Helping your child learn (and love) to read

Posted by Lylah M. Alphonse  October 8, 2009 02:13 PM

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In spite of certain lawmakers who liken universal preschool to government-funded "babysitting," there's no denying that there's a real need for solid early education in the US.

According to the American Academy of Pediatrics, 35 percent of children enter kindergarten without the skills they need to learn how to read. Those language skills -- things like phonological awareness and knowledge of the alphabet -- are the building blocks of reading, and the best way to teach your children about them is to spend time reading to them.

In "The Science of Early Childhood Development," a report by the Center on the Developing Child at Harvard University, studies show that future school success is impacted by the learning foundation set in place in a child's early years. And the long-term effects of an early literacy crisis are chilling. As Ben Russell, assistant director of early childhood education for the Boston Public Schools, ,told reporter Patti Hartigan, when they calculate the number of kids who are not reading at the third-grade level, “We use those numbers to create prisons. And that is a tragedy.”

Jumpstart is a national not-for-profit trying to bridge the early education gap between high- and low-income students. According to Susan Werley, Executive Director of Jumpstart's Northeast region, 61 percent of families from low-income communities lack age-appropriate books for their children; a lack of access to books and of being read to before age 5 are key reasons why this early literacy crisis exists.

Jumpstart provides books to these families and pairs children with trained volunteers who provide one-on-one story time and attention. To bring attention to their cause, they've launched "Read for the Record Day" today (Oct. 8) in Boston. You can support the effort without even opening your wallet by reading The Very Hungry Caterpillar to your child today; volunteers are reading it to thousands of children in various places around the city in support of early childhood literacy.

Here are some of the AAP's suggestions for helping your child learn to read (you can find all of their recommendations on their website):

1.) Run your finger under the words as you read to show your child that the print carries the story.

2.) Be animated! Use funny voices, ham it up, and get your child excited about the story.

3.) Pay attention to the pictures. Stop to look at them, ask your child to name things she sees in them, and talk about how they relate to the story.

4.) Invite your child to join in whenever there is a repeated phrase in the text.

5.) Keep reading to your child even after she learns to read. A child can listen and understand more difficult stories than she can read on her own.

6.) Set aside time every day to read together.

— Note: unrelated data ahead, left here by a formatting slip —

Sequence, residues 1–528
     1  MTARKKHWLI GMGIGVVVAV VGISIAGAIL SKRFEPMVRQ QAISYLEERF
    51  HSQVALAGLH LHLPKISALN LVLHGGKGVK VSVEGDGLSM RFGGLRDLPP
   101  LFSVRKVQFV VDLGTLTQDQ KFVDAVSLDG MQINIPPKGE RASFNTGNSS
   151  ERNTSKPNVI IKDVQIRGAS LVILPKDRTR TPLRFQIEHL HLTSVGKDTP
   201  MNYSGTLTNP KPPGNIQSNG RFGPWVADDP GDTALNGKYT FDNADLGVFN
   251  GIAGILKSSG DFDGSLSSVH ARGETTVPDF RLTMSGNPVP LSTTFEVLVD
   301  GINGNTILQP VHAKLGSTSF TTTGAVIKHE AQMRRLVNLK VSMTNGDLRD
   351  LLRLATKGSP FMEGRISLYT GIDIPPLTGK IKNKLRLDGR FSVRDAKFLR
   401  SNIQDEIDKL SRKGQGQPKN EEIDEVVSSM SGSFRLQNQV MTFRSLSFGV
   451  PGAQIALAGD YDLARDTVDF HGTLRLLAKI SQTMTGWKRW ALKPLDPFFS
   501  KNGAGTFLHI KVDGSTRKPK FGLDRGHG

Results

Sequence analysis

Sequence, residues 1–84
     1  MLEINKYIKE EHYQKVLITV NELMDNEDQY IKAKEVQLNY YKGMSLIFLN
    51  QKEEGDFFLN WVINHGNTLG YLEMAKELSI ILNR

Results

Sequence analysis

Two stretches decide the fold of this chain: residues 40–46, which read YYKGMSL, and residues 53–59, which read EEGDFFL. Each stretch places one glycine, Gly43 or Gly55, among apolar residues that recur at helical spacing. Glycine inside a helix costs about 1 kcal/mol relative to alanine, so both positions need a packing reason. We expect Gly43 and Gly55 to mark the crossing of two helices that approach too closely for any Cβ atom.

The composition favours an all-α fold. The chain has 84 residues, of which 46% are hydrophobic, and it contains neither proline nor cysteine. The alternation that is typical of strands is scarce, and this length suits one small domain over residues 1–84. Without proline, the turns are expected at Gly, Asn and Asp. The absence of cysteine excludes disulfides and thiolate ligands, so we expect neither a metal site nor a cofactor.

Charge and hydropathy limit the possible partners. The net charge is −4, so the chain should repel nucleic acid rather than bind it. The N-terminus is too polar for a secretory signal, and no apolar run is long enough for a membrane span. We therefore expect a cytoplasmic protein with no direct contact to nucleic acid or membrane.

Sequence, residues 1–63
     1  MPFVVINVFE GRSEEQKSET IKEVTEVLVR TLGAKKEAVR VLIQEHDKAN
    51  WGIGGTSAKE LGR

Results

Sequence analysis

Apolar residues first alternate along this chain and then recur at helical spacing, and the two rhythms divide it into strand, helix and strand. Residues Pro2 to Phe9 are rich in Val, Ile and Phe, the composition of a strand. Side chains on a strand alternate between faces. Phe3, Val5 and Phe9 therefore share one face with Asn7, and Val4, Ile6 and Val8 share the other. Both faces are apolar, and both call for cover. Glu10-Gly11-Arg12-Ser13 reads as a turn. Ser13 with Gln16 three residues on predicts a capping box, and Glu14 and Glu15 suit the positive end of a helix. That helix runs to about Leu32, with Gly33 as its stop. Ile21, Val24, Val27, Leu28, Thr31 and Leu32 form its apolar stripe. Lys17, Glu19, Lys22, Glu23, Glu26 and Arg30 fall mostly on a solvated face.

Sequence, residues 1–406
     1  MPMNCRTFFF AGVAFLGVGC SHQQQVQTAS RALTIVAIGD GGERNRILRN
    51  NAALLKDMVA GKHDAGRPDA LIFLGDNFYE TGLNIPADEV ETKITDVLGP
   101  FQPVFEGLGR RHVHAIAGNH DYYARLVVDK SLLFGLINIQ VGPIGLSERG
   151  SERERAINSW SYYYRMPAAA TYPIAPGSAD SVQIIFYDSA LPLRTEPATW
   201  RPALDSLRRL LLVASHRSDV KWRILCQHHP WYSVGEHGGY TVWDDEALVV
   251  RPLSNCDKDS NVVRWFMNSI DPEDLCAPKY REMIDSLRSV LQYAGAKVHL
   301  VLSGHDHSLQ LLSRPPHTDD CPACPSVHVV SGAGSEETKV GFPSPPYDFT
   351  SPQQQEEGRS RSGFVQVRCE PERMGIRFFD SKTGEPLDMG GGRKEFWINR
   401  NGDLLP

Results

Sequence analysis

7.) Leave books in your child's room for her to enjoy on her own.

How are you helping your children learn to read? Parents of older kids: Do your kids like to read, or do they think that reading is a chore?

Lylah M. Alphonse is a Globe staff member and mom and stepmom to five kids. She writes about juggling career and parenthood at The 36-Hour Day and blogs at Write. Edit. Repeat. E-mail her at lalphonse@globe.com.

This blog is not written or edited by Boston.com or the Boston Globe.
The author is solely responsible for the content.

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4 comments so far...
  1. My little guy (6) thinks reading is a chore - but he loves books and to be read to. We've been reading to him since he was a tiny baby and he not only has a has a voracious appetite for stories, but also a tremendous ability to sit still for chapter books. But he doesn't love to read to me - I think the work decoding the words gets in the way of his enjoyment of the story.

    We're plugging away for our 15 minutes a day of oral reading, but I can tell he thinks this is something we "have to get through to get to the good stuff." I am hopeful that we move past this as he gets better. He's right where he should be in terms of ability for first grade, but he's a little on the lazy side. Not a great thing to say about your child, but unfortunately in our case, true. ;)

    His little sister (2) seems to be following in his footsteps. She loves books and to be read to.

    Great post, Lylah.

    Posted by RH October 8, 09 05:15 PM
  1. Government preschool would be like goverment kindergarten - teaching to the mean - class sizes too large, etc. It would be a horrible idea. Kids need parents and lots of love at that early age. Making it the norm for them to spend large quantities of time away from that loving relationship is just wrong for our society. There are more important things than letters to be taught to a 3-4 year old. If there is a loving parent - he can learn his letters and those important ideas at the same time. When I do send my 3-4 year old away from home for the short time that he goes, I want to know that I am sending him to a place with a small class size and with parents with similar values - involvement level. I'm sorry, but the public arena doesn't cut it in that respect - especially if you don't live in one of the educationally advantaged zip codes. We already have the head start program for disadvantaged children, and other parents who work are making money while at work. I'm not 100% certain the taxpayers should be backing them. I know this post is going to be unpopular....however, I don't know how else to say it....

    Posted by jemifa October 9, 09 10:14 PM